Dhaka Speedy Trial Tribunal public prosecutor Advocate Mosharraf Hossain Kajol said a criminal case is a continuous process as it never gets finished for all.
The investigation work regarding the murder of former US President John F Kennedy is still going on, he said.
“On regular occasions, we hear about the investigation of Mahatma Gandhi murder. So, there is no legal or constitutional bar in forming a commission to identify the perpetrators of Bangabandhu murder,” he said.
“Bangabandhu murder is not a normal thing. They killed our Father of the Nation. It’s a huge matter. We have to know about the persons that ran the whole thing from behind the curtain,” he said.
Kajol said: “For the sake of our next generations, we have to unmask these people. It can be research work. First, we have to solve the mystery of identifying the perpetrators, then the matter of bringing them to justice can come.”
While replying to a question on who can be nominated to work in the commission, Kajol, who worked as a public prosecutor in Bangabandhu murder trial and special public prosecutor for August 21 grenade attack cases, said the people who worked in probing the case, took part in hearing for the state like him.
“They can give vital information regarding the dark chapter of the national life and who run research on the matter, can be appointed as the members of the commission,” he said.
“Our law minister is a learned person and he himself took part in the hearing. Our law and home ministries would decide the type of the commission and its working process,” he said.
Kajol further added that the commission will have to work from 1972, they have to look into the works of Bangabandhu, his philosophy, for whom, he was a threat, who was angry with him, whose plans were spoiled by him, etc.
Turning to his own observations about the carnage, Prof Arefin Siddique referred to several talked about incidents with one being the extension of service of the then deputy army chief general Ziaur Rahman, who later emerged as a strongman of Bangladesh after the August 15 carnage.
He said one of the related references suggested that Zia had desperately pursued his extension and Bangabandhu agreed to extend his service only for three months.
“Ziaur Rahman appeared very delighted (receiving the extension order) . . . within few days the August 15 carnage took place,” Arefin Siddique said quoting a published interview of then deputy minister for defence Nurul Islam several years ago when he castigated himself for his role in getting Zia the extension.
He said several reports suggested that the then Indian premier Indira Gandhi repeatedly sent Bangabandhu messages saying the Indian intelligence agencies gathered information about a possible assassination plot, which Bangabandhu took lightly saying “who is the man in Bangladesh to kill me”.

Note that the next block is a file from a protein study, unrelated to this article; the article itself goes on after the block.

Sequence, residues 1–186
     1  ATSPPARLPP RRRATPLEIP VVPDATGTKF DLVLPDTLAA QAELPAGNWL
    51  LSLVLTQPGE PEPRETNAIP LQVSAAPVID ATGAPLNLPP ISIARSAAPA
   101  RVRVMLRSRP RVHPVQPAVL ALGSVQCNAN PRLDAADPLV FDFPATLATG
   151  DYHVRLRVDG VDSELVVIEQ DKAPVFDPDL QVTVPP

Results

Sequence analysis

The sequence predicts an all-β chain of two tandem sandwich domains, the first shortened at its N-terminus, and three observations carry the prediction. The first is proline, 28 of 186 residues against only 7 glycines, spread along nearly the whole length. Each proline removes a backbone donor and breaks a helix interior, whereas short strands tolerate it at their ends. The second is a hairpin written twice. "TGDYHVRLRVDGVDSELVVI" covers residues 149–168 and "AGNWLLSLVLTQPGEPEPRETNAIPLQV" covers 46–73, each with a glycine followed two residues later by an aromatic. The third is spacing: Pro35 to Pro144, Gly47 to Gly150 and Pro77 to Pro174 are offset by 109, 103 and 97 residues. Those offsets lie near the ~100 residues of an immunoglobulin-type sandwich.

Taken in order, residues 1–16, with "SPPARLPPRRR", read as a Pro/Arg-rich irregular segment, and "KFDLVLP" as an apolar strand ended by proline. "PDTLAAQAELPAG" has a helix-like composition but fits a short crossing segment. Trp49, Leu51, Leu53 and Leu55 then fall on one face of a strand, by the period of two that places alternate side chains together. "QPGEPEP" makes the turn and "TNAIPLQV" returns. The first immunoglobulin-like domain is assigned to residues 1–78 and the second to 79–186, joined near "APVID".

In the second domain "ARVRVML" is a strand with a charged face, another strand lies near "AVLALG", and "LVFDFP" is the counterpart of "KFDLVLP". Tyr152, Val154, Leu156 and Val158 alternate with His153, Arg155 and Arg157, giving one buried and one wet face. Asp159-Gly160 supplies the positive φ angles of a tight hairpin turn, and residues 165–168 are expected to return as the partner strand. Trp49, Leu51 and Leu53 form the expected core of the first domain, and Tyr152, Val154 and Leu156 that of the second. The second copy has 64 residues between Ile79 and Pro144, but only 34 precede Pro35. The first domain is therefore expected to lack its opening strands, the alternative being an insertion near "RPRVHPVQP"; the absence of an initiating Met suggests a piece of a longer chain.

Siddique said Bangabandhu was farsighted and that was why he understood something was cooking up and “a plot was being hatched but he never blamed any Bengali for it as it is what Bangabandhu is”.
The communication expert said many things have been written in books or articles in a scattered way but a thorough study is a must to know who waged resistance after the carnage, who committed suicide and who took oaths in the cabinet after the assassination and how the November 3, 1975 incident took place to kill the four national leaders.
The people wanted to know about the entire episodes before and after the August 15 carnage and wanted to know who played which roles, so forming an independent commission is essential to keep the official records on the massacre to let the people know about the conspiracy and all other related incidents, he added.
The perpetrators of the August 15 carnage were protected under a now-scrapped black law enacted by the subsequent government which also rewarded them with diplomatic assignments abroad and allowed some of them to float political parties at home.
Returning to power after the landmark 1996 general elections after 21 years of political wilderness, Awami League scrapped the so-called Indemnity Act to expose to justice the direct killers.
The delayed trial process began in 1996 and after a protracted legal procedure, 12 former army officers were handed down death sentences and five of them were eventually hanged on January 28, 2010, while the rest were tried in absentia.
One of the fugitive convicts died a natural death abroad while Abdul Majed, one of the convicts in the killing of Bangladesh’s founding father Bangabandhu Sheikh Mujibur Rahman, was executed at the Dhaka Central Jail on April 12, 2020, after he was arrested in Dhaka on April 7.
And other convicts are still on the run.
The government said a process was underway to track the other convicts down and bring them back home to be exposed to gallows.